Uncle Chicken Rice stall in Bedok sells out in two hours

The queue in front of Uncle Chicken Rice at lunchtime yesterday.
The queue in front of Uncle Chicken Rice at lunchtime yesterday.ST PHOTO: KENNETH GOH

The 20 chickens that chicken rice seller Niven Leong prepares daily usually last from noon to 7pm. Yesterday, they were sold out at 1.30pm, barely two hours after his Uncle Chicken Rice stall in The Bedok Marketplace opened.

Up to 15 people were standing in line at lunchtime, waiting up to 25 minutes for their orders. Customers typically have to wait for five to 10 minutes during the busy period.

Most of the customers, who comprise a mixture of regulars and first-timers, flocked to the stall after reading The Straits Times article yesterday about how Mr Leong, 56, had sold his late father's Sin Kee Famous Chicken Rice recipe to workplace safety officer Koh Teng Loke, 34, and information technology consultant Cheong Wai Fong, 36.

They each paid $42,800 for the recipe and hands-on training at the stall, which includes learning how to cook and chop the chicken, serving customers and managing inventory. The training period is open-ended and they can consult Mr Leong until he is satisfied with the quality of their food and they are ready to start their businesses.

Sin Kee is a well-known name among chicken rice stalls in Singapore. It started in 1971 at the nowdefunct Margaret Drive Food Centre. In 2002, it relocated to Mei Ling Street Food Centre and was helmed by Mr Leong's younger brother, Benson, until last year. He now runs Sin Kee Famous Cantonese Chicken Rice at Block 40, Holland Drive.

Mr Leong says he is "extremely pleased" to see a 40 per cent increase in customers at his stall. Some of those who turned up used to visit Sin Kee when it was located at Margaret Drive Food Centre, but had lost track of where the stall had moved to over the years.

Despite the surge in business, he is not planning to cook more chickens.

"I am contented with my current state of business," he says. "If I were to do more, it may have a ripple effect on the food production process, and it would be difficult to maintain the quality of the food."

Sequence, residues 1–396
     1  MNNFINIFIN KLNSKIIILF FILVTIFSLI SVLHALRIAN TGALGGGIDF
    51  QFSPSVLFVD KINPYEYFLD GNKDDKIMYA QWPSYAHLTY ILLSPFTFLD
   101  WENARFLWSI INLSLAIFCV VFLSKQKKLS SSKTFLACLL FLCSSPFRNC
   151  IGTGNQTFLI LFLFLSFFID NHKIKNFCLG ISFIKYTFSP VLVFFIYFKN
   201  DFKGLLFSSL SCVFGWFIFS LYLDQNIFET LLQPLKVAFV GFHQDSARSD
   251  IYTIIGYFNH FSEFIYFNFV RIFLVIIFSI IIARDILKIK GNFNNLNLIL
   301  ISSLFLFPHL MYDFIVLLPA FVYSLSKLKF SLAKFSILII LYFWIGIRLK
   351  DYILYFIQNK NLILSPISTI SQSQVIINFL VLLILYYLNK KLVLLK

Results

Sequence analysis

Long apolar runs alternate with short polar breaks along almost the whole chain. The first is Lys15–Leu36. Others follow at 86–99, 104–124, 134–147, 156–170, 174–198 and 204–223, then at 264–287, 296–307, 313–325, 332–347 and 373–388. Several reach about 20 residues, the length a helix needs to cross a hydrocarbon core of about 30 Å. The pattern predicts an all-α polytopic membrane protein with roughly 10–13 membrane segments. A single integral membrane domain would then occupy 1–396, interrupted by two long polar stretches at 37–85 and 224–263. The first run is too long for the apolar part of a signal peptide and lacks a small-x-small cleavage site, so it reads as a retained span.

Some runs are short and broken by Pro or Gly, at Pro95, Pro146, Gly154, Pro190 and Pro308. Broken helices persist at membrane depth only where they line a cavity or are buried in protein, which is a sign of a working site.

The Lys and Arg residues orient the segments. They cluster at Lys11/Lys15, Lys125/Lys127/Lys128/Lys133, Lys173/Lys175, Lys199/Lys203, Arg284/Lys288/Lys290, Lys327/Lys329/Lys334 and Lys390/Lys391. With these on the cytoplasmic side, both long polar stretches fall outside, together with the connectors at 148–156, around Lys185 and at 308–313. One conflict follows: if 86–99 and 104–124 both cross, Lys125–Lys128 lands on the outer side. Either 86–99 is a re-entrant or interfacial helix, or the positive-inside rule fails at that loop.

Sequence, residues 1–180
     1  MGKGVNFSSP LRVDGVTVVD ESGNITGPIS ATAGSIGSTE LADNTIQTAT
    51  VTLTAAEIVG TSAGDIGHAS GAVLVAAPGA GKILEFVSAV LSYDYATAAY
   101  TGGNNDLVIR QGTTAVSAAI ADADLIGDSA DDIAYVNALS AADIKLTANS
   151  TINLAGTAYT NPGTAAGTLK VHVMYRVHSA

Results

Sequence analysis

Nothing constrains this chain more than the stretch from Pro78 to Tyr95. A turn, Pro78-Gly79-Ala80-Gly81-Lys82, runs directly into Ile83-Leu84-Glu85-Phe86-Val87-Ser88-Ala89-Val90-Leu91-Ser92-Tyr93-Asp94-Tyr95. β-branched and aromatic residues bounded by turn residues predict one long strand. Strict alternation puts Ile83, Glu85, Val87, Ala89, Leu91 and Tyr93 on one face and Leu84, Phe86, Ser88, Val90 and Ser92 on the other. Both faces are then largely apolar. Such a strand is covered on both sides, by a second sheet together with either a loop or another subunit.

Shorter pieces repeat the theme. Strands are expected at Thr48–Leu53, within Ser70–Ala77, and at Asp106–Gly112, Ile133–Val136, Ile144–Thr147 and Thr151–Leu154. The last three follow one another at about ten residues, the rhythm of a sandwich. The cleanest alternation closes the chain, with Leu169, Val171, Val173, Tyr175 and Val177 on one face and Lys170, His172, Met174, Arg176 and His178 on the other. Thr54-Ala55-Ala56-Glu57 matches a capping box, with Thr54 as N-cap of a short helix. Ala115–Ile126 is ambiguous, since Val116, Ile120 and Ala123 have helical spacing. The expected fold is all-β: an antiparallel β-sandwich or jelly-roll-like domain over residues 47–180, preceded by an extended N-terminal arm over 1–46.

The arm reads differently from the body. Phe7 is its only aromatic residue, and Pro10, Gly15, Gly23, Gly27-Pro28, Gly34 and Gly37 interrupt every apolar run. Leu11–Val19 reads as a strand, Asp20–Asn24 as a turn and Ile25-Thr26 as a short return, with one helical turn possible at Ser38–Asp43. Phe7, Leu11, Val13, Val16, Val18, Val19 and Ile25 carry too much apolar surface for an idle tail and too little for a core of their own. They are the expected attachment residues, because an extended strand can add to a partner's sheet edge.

He expects more people to ask about buying the recipe. He is in discussions with the Chang Cheng Group, a food and beverage company that owns coffee shops, on the possibility of his trainees setting up shop in its premises after they have completed their training.

Most of the diners The Straits Times spoke to thought that the $42,800 price tag for the chicken rice recipe and training was too low.

Financial adviser Timothy Chew, 29, who has visited the stall thrice, says: "The stall has been popular and it drew queues when it was at Mei Ling Street Food Centre. The chicken usually sells out fast, so the recipe deserves more value."

Civil servant Michael James, 49, who patronises Uncle Chicken Rice twice a week and has been a Sin Kee regular since its Margaret Drive days, says: "Paying $42,800 for a chicken rice recipe is not a big deal. As long as the new owners can replicate the old-school taste of the chicken rice, people will travel to eat it and the trainees can recover their investment."

Mr Eric Ho, 63, a managing director in an investment company, believes that the price tag is reasonable. He says: "This recipe is the family's intellectual property and needs to have a high value in today's market as it is quite unique."

However, some felt that the selling price was too steep.

One of them is housewife Karen Lim, 56, who travelled from Shenton Way to try the chicken rice after reading The Straits Times story.

"Chicken rice is quite a common dish that most people can cook," she says. "I can cook it at home, though the meat does not turn out as smooth as Uncle Chicken Rice's."

A version of this article appeared in the print edition of The Straits Times on September 07, 2016, with the headline 'Chicken rice stall in ST article sells out in two hours'. Subscribe